Finally, I’ll leave you with a shot my son was trying to get all week. It’s a famous place to take photos and each evening there were 10-15 photographers lined up hoping the light would be just right. I think he got a nice one!


Sunset on the Watchman. Photo: Ben Tero

Family Hikes in Downeast Maine #2: Great Wass Island Preserve

We should all thank The Nature Conservancy for acquiring Great Wass Island in 1978. It ensured this beautiful island will be preserved in perpetuity. To say its 1,576 acres are spectacular would be a gross understatement. The shoreline consists of pink granite that’s great for walking, even for little kids. Its forests include some of the largest stands of coastal jack pine in the state, which can grow in the thin soil found here. Rare shore plants like the beach head iris, marsh felwort and bird’s-eye primrose thrive in the the harsh coastal conditions. Finally, you’ll find rare maritime slope bogs that formed on top of the coastal bedrock and support rare plants like the baked apple berry.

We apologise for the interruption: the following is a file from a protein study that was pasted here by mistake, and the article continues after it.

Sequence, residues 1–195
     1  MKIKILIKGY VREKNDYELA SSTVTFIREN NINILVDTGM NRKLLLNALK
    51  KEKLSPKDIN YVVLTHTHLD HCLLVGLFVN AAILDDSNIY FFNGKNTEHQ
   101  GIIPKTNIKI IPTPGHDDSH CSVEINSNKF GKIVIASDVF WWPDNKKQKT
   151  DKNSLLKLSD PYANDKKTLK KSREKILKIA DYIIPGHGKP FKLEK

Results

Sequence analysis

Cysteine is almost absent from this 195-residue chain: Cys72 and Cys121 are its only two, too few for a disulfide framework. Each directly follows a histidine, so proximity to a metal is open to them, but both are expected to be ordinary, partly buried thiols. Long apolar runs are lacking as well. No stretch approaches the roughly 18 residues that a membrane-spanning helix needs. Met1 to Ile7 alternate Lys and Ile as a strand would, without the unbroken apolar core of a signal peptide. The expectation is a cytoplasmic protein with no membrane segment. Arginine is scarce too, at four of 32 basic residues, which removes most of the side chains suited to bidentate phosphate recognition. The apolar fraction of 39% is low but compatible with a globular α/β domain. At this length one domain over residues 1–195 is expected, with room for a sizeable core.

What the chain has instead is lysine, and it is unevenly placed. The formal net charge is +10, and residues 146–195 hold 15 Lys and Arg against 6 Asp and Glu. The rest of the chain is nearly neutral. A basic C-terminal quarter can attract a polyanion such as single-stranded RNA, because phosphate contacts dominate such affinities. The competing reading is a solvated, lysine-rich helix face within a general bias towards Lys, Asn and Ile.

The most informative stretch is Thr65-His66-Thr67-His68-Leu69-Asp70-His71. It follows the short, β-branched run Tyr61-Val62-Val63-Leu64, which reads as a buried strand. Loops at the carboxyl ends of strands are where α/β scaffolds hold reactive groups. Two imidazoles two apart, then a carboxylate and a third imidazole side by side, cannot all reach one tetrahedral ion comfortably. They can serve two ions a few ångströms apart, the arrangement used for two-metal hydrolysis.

Typical Great Wass scenery

Typical Great Wass scenery

Great Wass juts into the Gulf of Maine about 30 miles dues east of Acadia National Park. This distance from Maine’s most popular tourist destination—the drive from Bar Harbor is about 2 hours—ensures you will have very little company on the island. During my last visit in August, we ran into maybe 6 other people the entire day.